Coal miners used to carry a canary into the mines. When the bird stopped singing, it was a warning that the air supply was becoming too dangerous for the miners.
James Balog says he's seen the canary in the global coal mine, and it's ice.
"Ice is the most tangible manifestation of climate change," he said, speaking of the glacial melting he's observed over the last three years, while photographing glaciers around the world.
"It's not about computer models or projections. ... It's there -- you can touch it, hear it, feel it and see it."
Balog, of Boulder, Colo., will share his experiences with the global canary through a series of free public presentations next week in Ogden.
The first presentation starts 7 p.m. Tuesday, in Weber County's Pleasant Valley Library. In addition to Balog, local mayors and commissioners have been invited to discuss what their communities are doing to reduce their carbon footprint.
The main event is Weber State University's convocations lecture, at noon Thursday in the school's Shepherd Union Ballroom B. Diane Stern, who organized Balog's visit for the office of the dean of the Lindquist College of Arts & Humanities, said the photographer will present a multimedia lecture, "2010: An Earth Odyssey in the Carbon Age."
"It's really about what he's been doing the last several years, documenting the effects of our long-term carbon addiction on this planet," said Stern.
During the week, Balog will work with students in science and photography classes.
"We're also going to be having, on campus, an exhibit of his photos," said Stern.
The images from Balog's "Extreme Ice Survey" will be on display 8 a.m. to 5 p.m. Monday through Friday, through Nov. 30, in the Union Building's Bridge Gallery.
Balog will wrap up his visit with a presentation about his work as an environmental photographer, starting at 9 a.m. Nov. 20, at the Ogden Nature Center. Seating is limited for this event, so reservations are required.
Extreme Ice Survey
Balog shot images of retreating glaciers for The New Yorker and National Geographic in 2005 and 2006, and was stunned to see how quickly the ice was disappearing. His response was to create the Extreme Ice Survey.
More than 30 cameras were set up on glaciers in Greenland, Iceland, Alaska and the Rocky Mountains, each programmed to take a photo during every hour of daylight.
"I was naive enough at the start that I thought I'd be buying stuff off the shelf," Balog said. "I thought it would take about two weeks."
But the cameras needed to work in temperatures as low as 40 degrees below zero, and stand up to snow, rain, high winds and falling rocks, so they had to be custom-made.
"Five months later, we were still building cameras," he said.
Then came the challenge of installing them.
"It was not uncommon to have to carry a 80- to 90-pound backpack, and visit the glacier by dog sled," Balog said, adding that it meant camping out in extremely cold conditions.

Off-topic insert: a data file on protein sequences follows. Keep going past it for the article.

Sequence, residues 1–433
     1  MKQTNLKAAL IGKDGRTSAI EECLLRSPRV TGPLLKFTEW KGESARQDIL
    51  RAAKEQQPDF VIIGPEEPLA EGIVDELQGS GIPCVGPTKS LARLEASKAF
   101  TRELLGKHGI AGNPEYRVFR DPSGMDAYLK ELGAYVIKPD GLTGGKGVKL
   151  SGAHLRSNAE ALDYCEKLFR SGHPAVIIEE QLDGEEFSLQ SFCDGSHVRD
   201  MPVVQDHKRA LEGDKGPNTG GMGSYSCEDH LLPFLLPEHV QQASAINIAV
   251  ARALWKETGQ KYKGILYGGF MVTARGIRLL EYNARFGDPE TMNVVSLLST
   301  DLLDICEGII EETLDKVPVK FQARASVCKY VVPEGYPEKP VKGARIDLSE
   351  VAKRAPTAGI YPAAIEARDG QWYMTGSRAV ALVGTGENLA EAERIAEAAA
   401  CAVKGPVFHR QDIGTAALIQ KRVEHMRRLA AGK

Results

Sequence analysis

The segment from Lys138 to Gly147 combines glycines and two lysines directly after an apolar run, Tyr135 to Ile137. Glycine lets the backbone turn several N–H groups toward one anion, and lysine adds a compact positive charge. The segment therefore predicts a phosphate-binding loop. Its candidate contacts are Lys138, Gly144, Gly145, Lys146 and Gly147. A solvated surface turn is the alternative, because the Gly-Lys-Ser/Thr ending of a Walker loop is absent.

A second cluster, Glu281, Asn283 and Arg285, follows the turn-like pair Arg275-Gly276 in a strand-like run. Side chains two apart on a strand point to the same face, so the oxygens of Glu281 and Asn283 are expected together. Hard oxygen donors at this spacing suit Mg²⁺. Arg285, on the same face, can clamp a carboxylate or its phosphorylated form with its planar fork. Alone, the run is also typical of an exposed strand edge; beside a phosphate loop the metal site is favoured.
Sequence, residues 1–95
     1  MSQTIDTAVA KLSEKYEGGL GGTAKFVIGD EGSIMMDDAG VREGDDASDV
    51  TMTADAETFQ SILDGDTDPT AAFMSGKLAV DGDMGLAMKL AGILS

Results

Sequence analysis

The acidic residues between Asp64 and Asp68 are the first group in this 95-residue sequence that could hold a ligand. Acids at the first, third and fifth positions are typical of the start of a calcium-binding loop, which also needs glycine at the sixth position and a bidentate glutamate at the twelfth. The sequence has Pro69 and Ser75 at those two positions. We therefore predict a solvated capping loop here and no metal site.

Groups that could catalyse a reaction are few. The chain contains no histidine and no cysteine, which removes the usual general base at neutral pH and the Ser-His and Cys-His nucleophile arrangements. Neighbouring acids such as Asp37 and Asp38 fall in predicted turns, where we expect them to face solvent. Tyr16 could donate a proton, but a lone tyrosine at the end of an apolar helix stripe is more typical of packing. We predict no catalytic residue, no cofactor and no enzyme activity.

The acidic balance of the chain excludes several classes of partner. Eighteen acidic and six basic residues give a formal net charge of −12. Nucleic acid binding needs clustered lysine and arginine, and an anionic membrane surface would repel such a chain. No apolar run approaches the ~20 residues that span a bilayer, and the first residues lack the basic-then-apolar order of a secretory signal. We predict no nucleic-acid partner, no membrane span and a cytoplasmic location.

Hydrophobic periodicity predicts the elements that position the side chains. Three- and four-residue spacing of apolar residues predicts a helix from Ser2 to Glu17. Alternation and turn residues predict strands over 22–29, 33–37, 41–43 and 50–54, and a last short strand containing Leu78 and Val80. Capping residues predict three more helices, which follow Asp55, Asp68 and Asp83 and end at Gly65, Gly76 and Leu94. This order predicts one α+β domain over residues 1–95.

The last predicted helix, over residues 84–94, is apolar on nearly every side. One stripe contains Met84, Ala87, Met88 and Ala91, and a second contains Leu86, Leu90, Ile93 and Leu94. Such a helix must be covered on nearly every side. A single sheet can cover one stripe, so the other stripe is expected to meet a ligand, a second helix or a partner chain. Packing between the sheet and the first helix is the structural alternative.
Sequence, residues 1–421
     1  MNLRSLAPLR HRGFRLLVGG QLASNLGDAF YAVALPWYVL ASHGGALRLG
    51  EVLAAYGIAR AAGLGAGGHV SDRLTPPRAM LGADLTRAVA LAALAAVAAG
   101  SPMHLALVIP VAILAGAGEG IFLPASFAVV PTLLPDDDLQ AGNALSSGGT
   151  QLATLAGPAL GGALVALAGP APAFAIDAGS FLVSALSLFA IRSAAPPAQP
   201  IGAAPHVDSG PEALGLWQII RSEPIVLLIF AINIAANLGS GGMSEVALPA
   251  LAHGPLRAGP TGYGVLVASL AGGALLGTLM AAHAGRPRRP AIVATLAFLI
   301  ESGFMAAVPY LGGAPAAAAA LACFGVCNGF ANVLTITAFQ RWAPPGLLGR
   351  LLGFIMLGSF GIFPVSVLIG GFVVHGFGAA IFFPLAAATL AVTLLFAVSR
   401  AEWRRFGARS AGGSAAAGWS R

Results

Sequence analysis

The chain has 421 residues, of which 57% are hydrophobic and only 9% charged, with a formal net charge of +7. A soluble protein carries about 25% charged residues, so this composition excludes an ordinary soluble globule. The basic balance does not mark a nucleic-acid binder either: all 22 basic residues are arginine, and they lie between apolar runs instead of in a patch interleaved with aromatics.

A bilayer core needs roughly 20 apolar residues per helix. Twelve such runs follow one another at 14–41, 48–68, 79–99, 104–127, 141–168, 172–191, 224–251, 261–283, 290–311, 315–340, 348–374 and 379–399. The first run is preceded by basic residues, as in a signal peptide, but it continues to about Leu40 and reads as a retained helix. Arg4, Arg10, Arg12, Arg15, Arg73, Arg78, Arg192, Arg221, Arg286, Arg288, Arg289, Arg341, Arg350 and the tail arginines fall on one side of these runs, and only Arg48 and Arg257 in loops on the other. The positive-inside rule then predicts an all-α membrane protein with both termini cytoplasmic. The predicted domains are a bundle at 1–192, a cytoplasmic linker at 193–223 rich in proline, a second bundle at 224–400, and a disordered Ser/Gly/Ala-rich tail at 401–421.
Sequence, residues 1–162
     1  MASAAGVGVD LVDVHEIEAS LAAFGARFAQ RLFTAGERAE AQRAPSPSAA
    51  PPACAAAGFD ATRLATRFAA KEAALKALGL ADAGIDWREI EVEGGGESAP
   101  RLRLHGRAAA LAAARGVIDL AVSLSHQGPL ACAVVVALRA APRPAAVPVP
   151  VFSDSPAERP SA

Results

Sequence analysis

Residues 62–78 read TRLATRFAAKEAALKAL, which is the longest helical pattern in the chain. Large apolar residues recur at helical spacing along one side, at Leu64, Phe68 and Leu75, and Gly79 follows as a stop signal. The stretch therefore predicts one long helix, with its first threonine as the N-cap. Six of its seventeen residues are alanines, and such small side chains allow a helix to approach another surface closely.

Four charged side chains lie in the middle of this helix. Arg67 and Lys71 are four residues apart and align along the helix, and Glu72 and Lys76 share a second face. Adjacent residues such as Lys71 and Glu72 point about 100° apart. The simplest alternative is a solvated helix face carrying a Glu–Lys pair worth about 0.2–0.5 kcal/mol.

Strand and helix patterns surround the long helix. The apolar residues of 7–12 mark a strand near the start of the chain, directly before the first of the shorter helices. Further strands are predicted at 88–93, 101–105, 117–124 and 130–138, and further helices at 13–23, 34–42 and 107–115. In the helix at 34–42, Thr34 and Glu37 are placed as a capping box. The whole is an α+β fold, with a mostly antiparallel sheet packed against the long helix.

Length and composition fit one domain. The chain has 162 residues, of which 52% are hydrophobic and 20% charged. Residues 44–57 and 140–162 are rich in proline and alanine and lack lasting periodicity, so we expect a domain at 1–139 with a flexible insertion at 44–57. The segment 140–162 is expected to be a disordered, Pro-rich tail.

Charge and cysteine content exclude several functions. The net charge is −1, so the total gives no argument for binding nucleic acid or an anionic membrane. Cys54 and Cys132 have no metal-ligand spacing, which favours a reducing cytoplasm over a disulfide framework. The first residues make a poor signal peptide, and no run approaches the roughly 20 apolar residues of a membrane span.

Balog thought he'd see evidence of change in six months to a year.
"I was surprised from the first month," Balog said, explaining that an assistant sent flash cards from a camera in Iceland.
"Once the sequence starts coming up, your jaw is just hanging open," he said. "It was mind-boggling, as I looked at just what had happened in a month, and how this nonstop photographic record caught this historic, extensive change. I never thought it was possible that it could change that fast."
About a year later, he saw the changes in person.
"An entire section of the glacier was gone. We were standing there in a big field of gravel going, 'Are we even in the same valley?' because it looked that different," Balog said.
He compared his original photographs of the area to the way it looked during the visit, and wondered if the photos were mismarked.
"It took a while to decide that an unimaginably large amount of ice was gone," he said.
For his work on the Extreme Ice Survey, one of the environmental projects of Balog's Earth Vision Trust, the photographer has been named a Heinz Award winner. He'll be honored in a ceremony Monday in Washington, D.C. The award comes with an unrestricted cash prize of $100,000.
"I feel very fortunate," said Balog.
But he's also feeling rewarded by the work.
"This is a big piece of history happening right here," he said, adding that he believes people will see his work in the future and say, "Wow, he really caught something at a decisive moment of change."
Funding for the Extreme Ice Survey runs out next summer, unless grants are awarded to carry it through 2014.
"The longer we can be witnesses ... the more powerful that is to people in the present, and the more poignant it becomes for people in the future," Balog said.
And he wants people to witness what's happening to the glaciers.
"I am firmly of the belief, after being immersed in the subject and attending so many meetings with so many unbelievably bright people, that America and the developed world does not have a problem with the engineering and technology of this climate change issue. Nor do we necessarily have a problem with the economics. The problem is with perception," he said. "We just prefer to be in denial and complacency."
And we can't afford to be complacent about disappearing glaciers, Balog said.
"We can get this right, but for the immediate future -- your life and mine -- these features are not coming back," he said. "It is a big deal in that it shows us, reveals to us, what's happening at the very big scale on the planet today. It is the canary in the global coal mine."